Tuesday 21 May 2019

Hansard of the Legislative Council
Tasmanian Emergency Service Personnel – Tribute

Mr FINCH (Rosevears) - Mr President, let me first of all welcome the member for Nelson to the Chamber.  I look forward to working with her.  Mr President, I was also a bit concerned about where my contributions to parliament would be made if I did not retain my seat over here.  At least with special interest contributions, I do not have to put up with a certain member who used to sit there and who, every time I got the call, would say 'Thank you, Mr President' - but thank you, Mr President.

I have a rather sad story to tell here today.  Tasmania's highly professional emergency service personnel are often taken for granted and not given the recognition they deserve.  Not only are they well trained in tackling often complicated situations and rapid decision-making, but they also demonstrate empathy and sensitive communication skills. 

I want to tell the House about a situation when most of our emergency services came together for a very delicate bush rescue operation north-east of Launceston, in the member for Windermere's electorate.  The incident happened on the afternoon of Saturday, 6 April on a private property near Nunamara; it is owned by my friend Mike Howe, an old fellow Fern Tree boy from years ago who worked with me at the ABC for 14 years. 

His 28-year-old son was getting firewood on the family property.  It was one of his favourite pursuits.  He would take his dog and ute to a favourite area with an abundance of suitable trees.  He was a very experienced and thoughtful bush worker.  He worked as a plantation harvester during the week on the north-west coast at Smithton.  He was a careful and skilful tree feller, but freak accidents in the bush happen, and Rowland Howe received a massive blow to his back from a falling tree under great tension.  He was knocked to the ground and trapped face down.  His dog Ella, a German shepherd, returned to the homestead and raised the alarm.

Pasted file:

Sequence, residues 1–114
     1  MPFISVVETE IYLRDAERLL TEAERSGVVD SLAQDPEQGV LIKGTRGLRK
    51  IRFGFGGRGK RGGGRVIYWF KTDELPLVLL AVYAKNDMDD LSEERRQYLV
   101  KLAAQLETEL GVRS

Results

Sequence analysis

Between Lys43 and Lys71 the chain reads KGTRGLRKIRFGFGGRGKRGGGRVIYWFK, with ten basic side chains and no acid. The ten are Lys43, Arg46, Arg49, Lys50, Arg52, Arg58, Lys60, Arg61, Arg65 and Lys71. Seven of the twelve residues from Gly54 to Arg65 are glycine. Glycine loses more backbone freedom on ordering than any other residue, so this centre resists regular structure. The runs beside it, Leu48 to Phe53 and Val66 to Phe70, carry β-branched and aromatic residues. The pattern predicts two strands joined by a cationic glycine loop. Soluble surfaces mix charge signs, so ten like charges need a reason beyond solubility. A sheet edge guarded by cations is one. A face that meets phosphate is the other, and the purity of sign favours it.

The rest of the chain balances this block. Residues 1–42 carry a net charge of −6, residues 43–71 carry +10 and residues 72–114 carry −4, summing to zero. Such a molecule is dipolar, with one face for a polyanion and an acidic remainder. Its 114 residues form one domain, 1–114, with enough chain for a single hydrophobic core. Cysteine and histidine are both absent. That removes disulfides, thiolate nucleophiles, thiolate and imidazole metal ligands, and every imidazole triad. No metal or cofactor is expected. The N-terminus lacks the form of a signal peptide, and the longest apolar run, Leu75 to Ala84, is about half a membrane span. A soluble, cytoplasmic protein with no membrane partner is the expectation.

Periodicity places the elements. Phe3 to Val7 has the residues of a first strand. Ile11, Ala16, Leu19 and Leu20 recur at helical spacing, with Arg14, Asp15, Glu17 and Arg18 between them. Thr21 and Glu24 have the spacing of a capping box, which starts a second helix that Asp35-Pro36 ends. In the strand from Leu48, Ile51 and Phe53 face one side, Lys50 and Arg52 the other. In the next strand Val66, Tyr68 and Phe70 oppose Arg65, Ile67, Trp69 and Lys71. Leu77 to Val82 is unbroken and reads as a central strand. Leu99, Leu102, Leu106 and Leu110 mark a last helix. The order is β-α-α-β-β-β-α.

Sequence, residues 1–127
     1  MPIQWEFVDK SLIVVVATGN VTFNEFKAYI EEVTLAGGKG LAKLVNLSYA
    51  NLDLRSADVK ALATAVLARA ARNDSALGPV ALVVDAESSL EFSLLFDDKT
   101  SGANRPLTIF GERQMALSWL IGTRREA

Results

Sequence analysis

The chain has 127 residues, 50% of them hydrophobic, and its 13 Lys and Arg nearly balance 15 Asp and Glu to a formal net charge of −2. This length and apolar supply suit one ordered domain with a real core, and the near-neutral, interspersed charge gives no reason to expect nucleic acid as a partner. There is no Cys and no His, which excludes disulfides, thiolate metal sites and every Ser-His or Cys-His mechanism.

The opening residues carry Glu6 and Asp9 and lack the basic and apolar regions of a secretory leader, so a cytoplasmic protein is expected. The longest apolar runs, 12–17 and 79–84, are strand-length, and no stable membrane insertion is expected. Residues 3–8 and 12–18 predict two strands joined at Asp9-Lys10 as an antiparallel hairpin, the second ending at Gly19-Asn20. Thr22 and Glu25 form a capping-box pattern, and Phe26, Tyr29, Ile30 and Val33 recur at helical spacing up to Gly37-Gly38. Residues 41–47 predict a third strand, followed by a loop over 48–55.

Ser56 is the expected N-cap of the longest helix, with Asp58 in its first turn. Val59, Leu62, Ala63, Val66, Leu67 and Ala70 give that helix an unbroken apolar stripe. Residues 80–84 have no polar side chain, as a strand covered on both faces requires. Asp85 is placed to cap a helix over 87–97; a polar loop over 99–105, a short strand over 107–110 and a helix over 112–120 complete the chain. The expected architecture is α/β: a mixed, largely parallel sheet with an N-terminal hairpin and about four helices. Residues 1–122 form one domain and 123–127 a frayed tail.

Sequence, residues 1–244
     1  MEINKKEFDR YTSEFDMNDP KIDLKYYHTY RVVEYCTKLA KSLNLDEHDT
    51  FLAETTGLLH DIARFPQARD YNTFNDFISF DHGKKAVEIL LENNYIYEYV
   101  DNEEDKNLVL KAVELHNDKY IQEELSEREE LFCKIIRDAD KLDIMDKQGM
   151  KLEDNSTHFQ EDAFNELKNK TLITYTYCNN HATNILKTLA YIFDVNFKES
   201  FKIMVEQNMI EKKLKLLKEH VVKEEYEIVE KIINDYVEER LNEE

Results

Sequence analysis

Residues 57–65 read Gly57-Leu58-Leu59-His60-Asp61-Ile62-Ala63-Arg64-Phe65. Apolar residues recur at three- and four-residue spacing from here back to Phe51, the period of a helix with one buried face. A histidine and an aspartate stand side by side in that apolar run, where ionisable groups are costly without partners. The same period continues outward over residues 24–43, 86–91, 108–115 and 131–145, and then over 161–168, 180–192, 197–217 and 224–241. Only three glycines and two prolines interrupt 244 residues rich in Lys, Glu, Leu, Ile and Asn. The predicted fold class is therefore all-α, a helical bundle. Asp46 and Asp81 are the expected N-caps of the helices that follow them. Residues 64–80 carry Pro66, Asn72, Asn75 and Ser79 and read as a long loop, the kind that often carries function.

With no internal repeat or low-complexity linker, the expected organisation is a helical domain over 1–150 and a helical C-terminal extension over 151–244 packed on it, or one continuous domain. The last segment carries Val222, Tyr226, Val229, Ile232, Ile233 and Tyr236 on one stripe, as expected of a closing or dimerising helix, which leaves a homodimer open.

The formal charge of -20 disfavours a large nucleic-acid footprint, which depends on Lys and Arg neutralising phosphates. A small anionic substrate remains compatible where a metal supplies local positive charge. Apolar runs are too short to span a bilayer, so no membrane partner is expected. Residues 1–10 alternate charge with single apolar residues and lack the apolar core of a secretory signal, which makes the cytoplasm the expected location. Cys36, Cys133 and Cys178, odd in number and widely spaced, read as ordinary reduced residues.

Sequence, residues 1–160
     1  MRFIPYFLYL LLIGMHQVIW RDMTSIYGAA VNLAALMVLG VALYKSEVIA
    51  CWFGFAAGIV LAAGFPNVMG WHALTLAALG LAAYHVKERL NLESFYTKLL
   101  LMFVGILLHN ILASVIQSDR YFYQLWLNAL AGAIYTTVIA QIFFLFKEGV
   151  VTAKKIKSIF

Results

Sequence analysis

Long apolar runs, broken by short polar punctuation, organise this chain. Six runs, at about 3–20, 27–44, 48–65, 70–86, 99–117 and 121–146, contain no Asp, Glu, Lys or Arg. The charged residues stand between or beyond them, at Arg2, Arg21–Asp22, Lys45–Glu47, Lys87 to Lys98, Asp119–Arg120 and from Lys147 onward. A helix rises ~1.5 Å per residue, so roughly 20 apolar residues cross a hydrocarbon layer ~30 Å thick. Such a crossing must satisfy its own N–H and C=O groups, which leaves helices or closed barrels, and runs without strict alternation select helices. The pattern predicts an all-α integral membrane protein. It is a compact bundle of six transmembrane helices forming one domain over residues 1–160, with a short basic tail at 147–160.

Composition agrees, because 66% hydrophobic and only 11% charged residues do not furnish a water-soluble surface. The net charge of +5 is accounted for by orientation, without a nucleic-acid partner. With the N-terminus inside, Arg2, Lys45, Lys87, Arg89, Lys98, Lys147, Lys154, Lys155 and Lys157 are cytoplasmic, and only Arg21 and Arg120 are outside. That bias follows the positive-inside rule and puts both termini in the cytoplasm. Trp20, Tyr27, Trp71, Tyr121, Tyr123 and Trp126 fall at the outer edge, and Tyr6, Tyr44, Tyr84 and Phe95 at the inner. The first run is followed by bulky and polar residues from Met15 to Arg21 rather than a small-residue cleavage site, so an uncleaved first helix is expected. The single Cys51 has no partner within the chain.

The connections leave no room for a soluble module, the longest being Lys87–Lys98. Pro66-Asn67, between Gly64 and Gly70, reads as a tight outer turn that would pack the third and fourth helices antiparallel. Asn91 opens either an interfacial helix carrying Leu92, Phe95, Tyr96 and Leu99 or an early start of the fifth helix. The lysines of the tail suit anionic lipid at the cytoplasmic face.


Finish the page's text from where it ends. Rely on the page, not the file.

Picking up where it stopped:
A triple zero call to the ambulance service was handled with the pertinent questions and advice.  Some serious decisions were made very quickly, including to despatch two ambulances, one of them a four-wheel drive, and, as is the case in most serious bush accidents, the Tasmania Fire Service was alerted.

First on the scene was the local St Patricks River fire captain, who could liaise with approaching ambulances by radio and alert two fire trucks and their crews.  A police team also arrived and cooperation between the emergency services was exemplary.  In all, 15 emergency service personnel were at the scene. 

Rowland was very carefully extricated and stretchered out of the bush with suspected spinal damage.  It was decided to call in the helicopter and Rowland was taken straight to Royal Hobart Hospital.

At all times, the paramedics, including a paramedic doctor, kept family members informed and a police evaluation of how the accident happened was communicated to the family.

Rowland's family were with him at the Royal Hobart Hospital where they were briefed several times by doctors.

Unfortunately, although no bones were broken, he had sustained critical internal injuries that resulted in inoperable internal bleeding.  He died 26 hours after the accident.

In these cases a painstaking coroner's report is compiled, which invariably makes recommendations to lessen the likelihood of a similar accident in the future.

Equipment such as safety gear and chainsaws are carefully examined and police working with the coroner's office take a number of interviews.  These were done with exceptional intelligence and sensitivity.

That is how Tasmania's emergency services work for our community and we are justifiably proud of them.  I will be communicating this speech to the Minister for Police, Fire and Emergency Management, to make sure he understands my recognition of the support of the emergency services personnel in this instance.